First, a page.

Shops to Offer Cashback Without a Purchase
Consumers could soon be able to receive cashback at shop tills without making a purchase, under Treasury plans to protect access to cash.
Last year consumers received £3.8 billion in cashback from shops when buying something, making it the second most popular way to withdraw money after cash machines.
The Treasury said EU regulations have limited retailers’ ability to offer cashback when people aren’t paying for goods or services. When the Brexit transition period ends on 31 December, the government may overhaul these rules, giving consumers more access to cash as ATMs and bank branches are vanishing.
Fewer than a quarter of all payments (23%) were made with cash last year, down from 58% a decade ago, according to figures from UK Finance. The trade body’s research also found that 7.4 million Britons are leading an “almost cashless life,” relying on debit and credit cards and apps and using coins and notes once a month or less.
The coronavirus pandemic further accelerated the transition away from cash, as shops refused coins and notes over virus fears, bank branches limited opening hours and the contactless limit rose from £30 to £45. Cash machine network Link said £6.9 billion was withdrawn from its ATMs in September, compared to £9.3 billion a year earlier and £10.3 billion in September 2018.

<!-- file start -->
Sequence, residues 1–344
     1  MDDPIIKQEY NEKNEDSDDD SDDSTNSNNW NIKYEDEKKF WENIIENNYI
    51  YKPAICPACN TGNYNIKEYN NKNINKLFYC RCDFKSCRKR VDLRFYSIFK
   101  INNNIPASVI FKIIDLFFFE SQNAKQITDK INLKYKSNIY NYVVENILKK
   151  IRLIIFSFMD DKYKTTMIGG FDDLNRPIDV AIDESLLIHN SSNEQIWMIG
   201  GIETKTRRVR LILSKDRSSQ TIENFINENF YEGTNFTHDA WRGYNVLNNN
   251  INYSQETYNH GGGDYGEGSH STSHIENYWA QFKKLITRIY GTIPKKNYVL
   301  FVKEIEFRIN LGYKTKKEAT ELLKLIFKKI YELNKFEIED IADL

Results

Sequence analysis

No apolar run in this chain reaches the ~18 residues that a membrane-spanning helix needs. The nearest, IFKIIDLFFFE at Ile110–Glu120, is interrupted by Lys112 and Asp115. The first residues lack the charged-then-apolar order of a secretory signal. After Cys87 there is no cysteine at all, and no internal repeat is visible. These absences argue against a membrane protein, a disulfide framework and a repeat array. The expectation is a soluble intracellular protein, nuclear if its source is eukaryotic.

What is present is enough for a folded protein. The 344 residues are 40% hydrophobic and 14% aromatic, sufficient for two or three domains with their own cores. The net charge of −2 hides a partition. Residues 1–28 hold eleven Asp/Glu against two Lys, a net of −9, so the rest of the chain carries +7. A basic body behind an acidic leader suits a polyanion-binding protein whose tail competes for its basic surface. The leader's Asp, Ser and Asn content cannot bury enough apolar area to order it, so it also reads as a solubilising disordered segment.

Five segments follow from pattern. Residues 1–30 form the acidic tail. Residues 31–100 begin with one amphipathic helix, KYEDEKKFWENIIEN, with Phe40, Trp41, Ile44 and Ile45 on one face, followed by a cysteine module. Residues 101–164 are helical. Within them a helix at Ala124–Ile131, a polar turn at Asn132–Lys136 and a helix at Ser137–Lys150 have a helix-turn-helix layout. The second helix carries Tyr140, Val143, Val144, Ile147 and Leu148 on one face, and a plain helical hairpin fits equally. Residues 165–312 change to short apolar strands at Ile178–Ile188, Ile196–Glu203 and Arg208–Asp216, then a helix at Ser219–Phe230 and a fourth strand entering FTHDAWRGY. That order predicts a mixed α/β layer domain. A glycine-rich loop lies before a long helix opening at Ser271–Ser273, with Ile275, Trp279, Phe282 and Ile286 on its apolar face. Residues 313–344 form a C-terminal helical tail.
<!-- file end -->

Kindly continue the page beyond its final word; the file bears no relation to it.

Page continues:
However, a sizeable minority of Britons—estimated at two million, including many pensioners and people with disabilities—still rely on cash on a daily basis and consumer groups have urged the government to act to shore up the fragile cash system and ensure they’re not left behind.
John Glen, the economic secretary to the Treasury, said: “We know that cash is still really important for consumers and businesses—that’s why we promised to legislate to protect access for everyone who needs it. We want to harness the same creative thinking that has driven innovation in digital payments to maintain the UK’s cash system and make sure people can easily access cash in their local area.”
The government’s proposals, which are subject to a six-week consultation, would also make the Financial Conduct Authority (FCA), the City regulator, responsible for overseeing the cash system. Currently, the cash system is supervised by a combination of organisations, including the Treasury and Bank of England.